My solenoid connects whenever the engine is running.  It automatically disconnects the two sets of batteries when gen runs or on shore power, whether engine is running or not.  If all else fails, I can manually connect/disconnect via a 500 amp switch.

FWIW  Chuck

« Last Edit: September 24, 2009, 08:45:44 PM by Chuck Newman » Logged

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« Reply #19 on: September 25, 2009, 05:24:04 AM »

see-->

http://commerce1.cera.net/tacbusparts/sections/catalog/catalog.asp?cat_id=70

http://www.hydrogenappliances.com/solenoidrelay.html


Another trick - buy 2 12 volt solenoids - put the coils in series for 24 volts and put the contacts in parrallel to double the current carrying capacity

with the coils in series - if one solenoids coil opens (coil falure) - the other solenoid will not energize to handle the full load.  (kind of built in safety ??)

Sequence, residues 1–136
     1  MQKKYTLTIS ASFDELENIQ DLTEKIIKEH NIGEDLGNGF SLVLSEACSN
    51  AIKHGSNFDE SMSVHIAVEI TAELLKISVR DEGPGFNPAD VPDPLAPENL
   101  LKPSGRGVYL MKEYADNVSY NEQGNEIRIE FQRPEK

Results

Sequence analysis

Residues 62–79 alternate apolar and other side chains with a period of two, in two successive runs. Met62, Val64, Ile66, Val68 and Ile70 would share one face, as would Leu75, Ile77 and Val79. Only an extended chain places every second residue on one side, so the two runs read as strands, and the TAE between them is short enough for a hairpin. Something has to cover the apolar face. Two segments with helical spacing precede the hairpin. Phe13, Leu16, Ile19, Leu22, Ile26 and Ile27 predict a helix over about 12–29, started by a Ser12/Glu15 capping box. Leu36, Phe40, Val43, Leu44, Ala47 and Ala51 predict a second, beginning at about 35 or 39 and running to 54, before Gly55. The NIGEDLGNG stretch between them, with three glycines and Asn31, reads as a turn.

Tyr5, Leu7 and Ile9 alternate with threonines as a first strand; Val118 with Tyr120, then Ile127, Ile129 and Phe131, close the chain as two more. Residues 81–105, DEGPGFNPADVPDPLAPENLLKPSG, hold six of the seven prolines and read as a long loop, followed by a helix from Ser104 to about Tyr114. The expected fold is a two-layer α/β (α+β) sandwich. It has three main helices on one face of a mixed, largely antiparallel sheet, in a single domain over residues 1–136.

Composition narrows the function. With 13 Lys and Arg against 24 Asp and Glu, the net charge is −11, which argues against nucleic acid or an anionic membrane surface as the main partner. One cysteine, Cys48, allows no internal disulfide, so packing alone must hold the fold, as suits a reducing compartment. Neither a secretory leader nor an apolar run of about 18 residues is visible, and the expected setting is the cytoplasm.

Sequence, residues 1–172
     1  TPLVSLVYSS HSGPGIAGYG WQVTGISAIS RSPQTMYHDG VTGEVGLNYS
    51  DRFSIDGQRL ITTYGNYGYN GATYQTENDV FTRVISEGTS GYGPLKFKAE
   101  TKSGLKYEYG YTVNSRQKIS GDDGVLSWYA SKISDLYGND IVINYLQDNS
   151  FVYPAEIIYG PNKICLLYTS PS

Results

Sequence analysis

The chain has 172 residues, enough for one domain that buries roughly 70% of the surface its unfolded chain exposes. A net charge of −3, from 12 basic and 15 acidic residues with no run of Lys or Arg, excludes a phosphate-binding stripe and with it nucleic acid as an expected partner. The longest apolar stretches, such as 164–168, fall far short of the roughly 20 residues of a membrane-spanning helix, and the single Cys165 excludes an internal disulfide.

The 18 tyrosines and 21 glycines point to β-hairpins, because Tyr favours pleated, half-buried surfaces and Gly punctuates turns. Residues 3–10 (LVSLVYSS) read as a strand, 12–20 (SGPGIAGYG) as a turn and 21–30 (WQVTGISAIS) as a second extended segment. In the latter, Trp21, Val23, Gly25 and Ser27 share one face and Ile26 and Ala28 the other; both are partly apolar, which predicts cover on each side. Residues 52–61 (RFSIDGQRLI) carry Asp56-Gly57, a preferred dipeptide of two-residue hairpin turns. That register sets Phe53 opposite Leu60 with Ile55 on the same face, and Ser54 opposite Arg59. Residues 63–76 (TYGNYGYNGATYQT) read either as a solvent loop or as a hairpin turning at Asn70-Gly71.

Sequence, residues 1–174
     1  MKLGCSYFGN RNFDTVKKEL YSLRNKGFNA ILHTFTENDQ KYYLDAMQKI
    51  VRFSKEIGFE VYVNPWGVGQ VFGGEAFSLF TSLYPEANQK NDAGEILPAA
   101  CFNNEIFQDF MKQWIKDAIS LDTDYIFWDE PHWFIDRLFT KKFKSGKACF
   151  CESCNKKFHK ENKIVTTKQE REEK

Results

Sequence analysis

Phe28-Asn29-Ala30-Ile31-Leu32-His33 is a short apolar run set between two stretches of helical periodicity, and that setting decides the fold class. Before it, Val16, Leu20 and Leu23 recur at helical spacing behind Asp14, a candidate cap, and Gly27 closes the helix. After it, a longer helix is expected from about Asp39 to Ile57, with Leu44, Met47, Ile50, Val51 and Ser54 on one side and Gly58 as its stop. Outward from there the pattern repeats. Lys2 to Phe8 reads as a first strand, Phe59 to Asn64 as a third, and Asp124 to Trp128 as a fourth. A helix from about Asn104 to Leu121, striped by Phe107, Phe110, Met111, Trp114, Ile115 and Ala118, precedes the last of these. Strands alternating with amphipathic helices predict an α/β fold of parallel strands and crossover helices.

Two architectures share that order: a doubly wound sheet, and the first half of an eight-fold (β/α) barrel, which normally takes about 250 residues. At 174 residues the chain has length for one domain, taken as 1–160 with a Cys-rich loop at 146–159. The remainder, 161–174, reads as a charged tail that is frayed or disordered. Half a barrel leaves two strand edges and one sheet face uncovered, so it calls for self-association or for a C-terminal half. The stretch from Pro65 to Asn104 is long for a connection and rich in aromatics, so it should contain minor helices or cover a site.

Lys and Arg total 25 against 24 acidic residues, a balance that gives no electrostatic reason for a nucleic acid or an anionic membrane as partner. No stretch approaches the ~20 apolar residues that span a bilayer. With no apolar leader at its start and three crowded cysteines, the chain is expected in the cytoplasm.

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« Reply #20 on: September 26, 2009, 06:44:20 AM »

My plan is to hook the coil up to a power source that is only active when the ignition is on.  It will still have a switch too.  If I hooked it to the house batteries the selenoid coil could draw power all the time.

An overrise to jump the bus will have to come later.  I can always rig something in an emergency.
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Brian Elfert - 1995 Dina Viaggio 1000 Series 60/B500 - 75% done but usable - Minneapolis, MN
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« Reply #21 on: September 26, 2009, 09:44:43 AM »

An overrise to jump the bus will have to come later.  I can always rig something in an emergency.

My thought exactly.  Once you have the heavy cables run to the solenoid the emergency rig is pretty simple - bolt the cables together IOW.  I can't see going to a bunch of bother setting up a switch to control the solenoid for a once in a lifetime event that you hope will never happen.